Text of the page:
Thus, the reader wasn't even told what chemicals or weapons materials the "scientist" was alleged to have known about. Readers were told that the man had to remain anonymous in order to protect him from reprisal (despite regime change). What Ms. Miller did reveal (besides her censorship contract) was that she witnessed "from a distance" a man in a baseball cap pointing "to several spots in the sand," where he claimed the awful stuff was buried. This would be laughable if it hadn't help pave the way for war and the subversion of democracy.
When officials leak a "fact" to Ms. Miller, they then can cite her subsequent stenography in the Times as corroboration of their own propaganda, as though the Times had conducted its own independent investigation. On Sept. 8, Dick Cheney cited the Times's aluminum tubes nonsense on Meet the Press to buttress his casus belli.
More recently, on May 23, former CIA director and Bush apologist James Woolsey was challenged by CNN International's Daljit Dhaliwal in very un-Timesian fashion about the absence of weapons and the world's resulting skepticism. Mr. Woolsey replied, "Well, I think the key thing on that is the very fine reporting that's been done by Judith Miller of The New York Times. The first article on the front page was three or four weeks ago, about this Iraqi scientist who was captured by the Americans, who was in charge of a major share of the nerve gas program, and was apparently ordered just as the war began to destroy a substantial share of what he had and to hide very deeply the rest."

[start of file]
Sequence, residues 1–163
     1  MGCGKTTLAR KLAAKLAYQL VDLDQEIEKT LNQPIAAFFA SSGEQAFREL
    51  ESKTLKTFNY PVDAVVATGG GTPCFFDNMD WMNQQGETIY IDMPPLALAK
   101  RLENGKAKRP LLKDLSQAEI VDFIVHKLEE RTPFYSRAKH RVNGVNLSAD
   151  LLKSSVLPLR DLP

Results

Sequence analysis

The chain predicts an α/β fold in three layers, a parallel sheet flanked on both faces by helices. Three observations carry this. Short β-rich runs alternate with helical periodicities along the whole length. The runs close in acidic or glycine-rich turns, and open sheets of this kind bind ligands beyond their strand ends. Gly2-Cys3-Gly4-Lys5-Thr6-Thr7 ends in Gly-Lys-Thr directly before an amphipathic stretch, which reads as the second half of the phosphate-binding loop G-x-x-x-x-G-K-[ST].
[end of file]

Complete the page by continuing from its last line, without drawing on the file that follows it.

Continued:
Evidently very deeply, since we still haven't seen any confirmation.
Meanwhile, the White House-Judith Miller teamwork has had its intended impact. A Program on International Policy Attitudes (PIPA) poll found that 41 per cent of Americans "either believed that the U.S. had found WMD, or were unsure" and that 31 per cent thought Iraq had actually used chemical or biological weapons in the war (or were unsure). These numbers led PIPA director Steven Kull to suggest that "some Americans may be avoiding having an experience of cognitive dissonance." No, they're just reading The New York Times.